app.controller('myClientGoodness', ['$scope','$window', function ($scope, $window) {
        var goody = this;
        this.hello = 'hi world';

        this.getHubHello = function () {

           //instance a hub connection-->
           var hub = $window.jQuery.hubConnection();

           //instance a proxy from hub connection-->
           var proxy = hub.createHubProxy('GoodnessHub');

           //set callback on proxy-->
           //function invoked when server calls the client-->
           proxy.on('sayHello', function (hello) {
               goody.hello = hello;
           });

           //start hub with success/fail hooks-->
           hub.start(function () { /*hub started*/ })
            .done(function () {
                proxy
                  .invoke('sayHello')
                  .done(function () { /* proxy invoke done/successful */ })
                  .fail(function (failure) { /* proxy invoke failure */ });
            })
            .fail(function (failure) { /* hub start failure */ });
       };
    }
]);

There you go. That's it, right? Now when you click the AngularJs client starts the hub connection and calls the server method. The server method, in turn, then calls the AngularJs client via the proxy function we've configured, which will set goody.hello to whatever the server gives it.

At this point, if you've run the example, you may be wondering why the view didn't update with the server value. The answer is: because we subverted our angular application with our signalR $window.jQuery.hubConnection() stuff, our angular application doesn't know anything happened to goody.hello. AngularJs !== magic.

Angular applications work via watchers that keep track of things. When something happens that warrants a digest, angular queues up a digest, which will evaluate all watchers. Watchers are the things behind the scenes that angular is using to keep tabs on what it should update and how it should update it.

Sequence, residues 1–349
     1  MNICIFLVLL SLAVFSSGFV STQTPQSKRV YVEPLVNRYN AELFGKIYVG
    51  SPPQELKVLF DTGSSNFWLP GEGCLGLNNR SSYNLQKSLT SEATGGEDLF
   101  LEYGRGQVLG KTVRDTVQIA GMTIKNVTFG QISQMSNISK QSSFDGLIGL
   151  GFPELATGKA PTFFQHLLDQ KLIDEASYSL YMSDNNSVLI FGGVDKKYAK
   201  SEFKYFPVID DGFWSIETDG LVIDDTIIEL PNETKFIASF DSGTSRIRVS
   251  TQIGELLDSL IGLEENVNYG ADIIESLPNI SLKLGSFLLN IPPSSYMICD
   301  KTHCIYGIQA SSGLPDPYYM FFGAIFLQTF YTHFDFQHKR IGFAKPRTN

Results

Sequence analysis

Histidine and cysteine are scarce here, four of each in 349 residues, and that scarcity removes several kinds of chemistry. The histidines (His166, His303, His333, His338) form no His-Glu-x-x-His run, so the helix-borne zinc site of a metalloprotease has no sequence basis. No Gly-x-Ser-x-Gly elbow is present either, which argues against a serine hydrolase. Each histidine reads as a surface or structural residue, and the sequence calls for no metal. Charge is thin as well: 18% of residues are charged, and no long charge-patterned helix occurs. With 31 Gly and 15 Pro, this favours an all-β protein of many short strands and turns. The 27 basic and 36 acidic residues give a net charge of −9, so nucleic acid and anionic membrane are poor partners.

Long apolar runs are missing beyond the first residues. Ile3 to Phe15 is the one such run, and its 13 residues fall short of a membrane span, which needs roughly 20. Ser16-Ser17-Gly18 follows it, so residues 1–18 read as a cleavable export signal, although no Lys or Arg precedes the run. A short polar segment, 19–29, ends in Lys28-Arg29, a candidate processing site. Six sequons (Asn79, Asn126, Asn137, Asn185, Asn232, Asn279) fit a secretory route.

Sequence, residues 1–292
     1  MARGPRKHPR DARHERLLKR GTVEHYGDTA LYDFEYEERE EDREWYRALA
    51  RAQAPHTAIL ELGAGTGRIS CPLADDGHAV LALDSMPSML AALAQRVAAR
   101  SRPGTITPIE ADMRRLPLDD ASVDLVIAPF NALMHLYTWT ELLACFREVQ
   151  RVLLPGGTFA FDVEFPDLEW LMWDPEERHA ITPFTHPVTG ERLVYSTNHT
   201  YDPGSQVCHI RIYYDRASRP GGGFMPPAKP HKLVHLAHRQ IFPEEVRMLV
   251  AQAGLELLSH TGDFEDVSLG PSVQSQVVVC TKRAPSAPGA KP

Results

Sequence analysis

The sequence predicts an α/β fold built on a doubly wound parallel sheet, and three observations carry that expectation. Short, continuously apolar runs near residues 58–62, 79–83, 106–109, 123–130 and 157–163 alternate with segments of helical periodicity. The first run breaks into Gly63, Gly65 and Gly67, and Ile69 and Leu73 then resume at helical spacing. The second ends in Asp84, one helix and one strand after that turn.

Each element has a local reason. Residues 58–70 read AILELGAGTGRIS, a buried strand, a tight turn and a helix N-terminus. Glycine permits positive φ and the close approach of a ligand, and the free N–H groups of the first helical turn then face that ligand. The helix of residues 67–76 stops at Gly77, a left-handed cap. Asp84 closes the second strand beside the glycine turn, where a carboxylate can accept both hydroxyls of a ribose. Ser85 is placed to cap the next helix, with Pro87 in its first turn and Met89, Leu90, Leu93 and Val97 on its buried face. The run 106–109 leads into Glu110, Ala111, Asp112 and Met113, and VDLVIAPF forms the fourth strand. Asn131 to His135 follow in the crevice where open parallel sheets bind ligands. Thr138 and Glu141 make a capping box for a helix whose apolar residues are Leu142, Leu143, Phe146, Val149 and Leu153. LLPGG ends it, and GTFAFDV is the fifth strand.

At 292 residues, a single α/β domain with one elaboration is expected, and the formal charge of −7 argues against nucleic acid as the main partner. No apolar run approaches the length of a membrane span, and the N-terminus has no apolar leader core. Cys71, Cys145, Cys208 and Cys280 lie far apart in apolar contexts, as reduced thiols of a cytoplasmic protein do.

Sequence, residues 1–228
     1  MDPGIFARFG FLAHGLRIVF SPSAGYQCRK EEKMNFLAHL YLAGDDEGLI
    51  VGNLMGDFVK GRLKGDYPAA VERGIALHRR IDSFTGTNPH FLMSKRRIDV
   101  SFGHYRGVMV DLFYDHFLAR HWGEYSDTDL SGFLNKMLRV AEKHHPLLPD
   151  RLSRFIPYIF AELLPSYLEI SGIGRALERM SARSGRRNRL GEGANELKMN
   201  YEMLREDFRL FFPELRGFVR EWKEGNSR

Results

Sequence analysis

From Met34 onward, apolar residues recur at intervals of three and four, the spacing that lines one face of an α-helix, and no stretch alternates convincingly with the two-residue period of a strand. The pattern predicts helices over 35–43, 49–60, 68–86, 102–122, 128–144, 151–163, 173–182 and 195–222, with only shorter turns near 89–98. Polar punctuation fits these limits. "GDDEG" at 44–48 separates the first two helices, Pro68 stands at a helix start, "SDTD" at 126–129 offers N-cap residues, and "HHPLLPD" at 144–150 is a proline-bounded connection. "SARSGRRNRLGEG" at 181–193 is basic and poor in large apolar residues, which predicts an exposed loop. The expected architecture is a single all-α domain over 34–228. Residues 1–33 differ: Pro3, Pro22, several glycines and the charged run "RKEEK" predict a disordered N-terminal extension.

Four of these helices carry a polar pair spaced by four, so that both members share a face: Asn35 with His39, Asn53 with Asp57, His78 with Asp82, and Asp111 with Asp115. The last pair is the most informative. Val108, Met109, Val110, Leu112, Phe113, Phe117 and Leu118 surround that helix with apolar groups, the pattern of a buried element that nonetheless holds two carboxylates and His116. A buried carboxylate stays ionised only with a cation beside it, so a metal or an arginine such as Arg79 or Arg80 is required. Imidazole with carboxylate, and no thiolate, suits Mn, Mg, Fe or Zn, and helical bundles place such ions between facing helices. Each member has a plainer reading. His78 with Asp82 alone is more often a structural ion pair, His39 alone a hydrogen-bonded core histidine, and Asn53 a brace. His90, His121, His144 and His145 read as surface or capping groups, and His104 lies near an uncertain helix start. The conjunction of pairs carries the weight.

There are valid use cases when you must subvert your angular application to get things to work. If you're new to angular, you are likely seeing many more of these kinds of cases than you should. AngularJs has a mechanism built into it for these kinds of circumstances; the $apply() function. The $apply() function basically rolls behavior back into angular's digest. $digest() is also an AngularJs function, and it works very similarly to $apply(); however, $digest() is better avoided. In our case, $apply() is more appropriate anyhow. So let's add it to the getHubHello() function and get our view/model updating properly.

var app = angular.module('signalrDemo', []);
app.controller('myClientGoodness', ['$scope','$window', function ($scope, $window) {
        var goody = this;
        this.hello = 'hi world';
        this.getHubHello = function () {

           //instance a hub connection-->
           var hub = $window.jQuery.hubConnection();

           //instance a proxy from hub connection-->
           var proxy = hub.createHubProxy('GoodnessHub');

           //set callback on proxy-->
           //function invoked when server calls the client-->
           proxy.on('sayHello', function (hello) {
               $scope.$apply(function () { //<--APPLY!
                   goody.hello = hello;
               });
           });

           //start hub with success/fail hooks-->
           hub.start(function () { /*hub started*/ })
            .done(function () {
                proxy
                  .invoke('sayHello')
                  .done(function () { /* proxy invoke done/successful */ })
                  .fail(function (failure) { /* proxy invoke failure */ });
            })
            .fail(function (failure) { /* hub start failure */ });
       };
    }
]);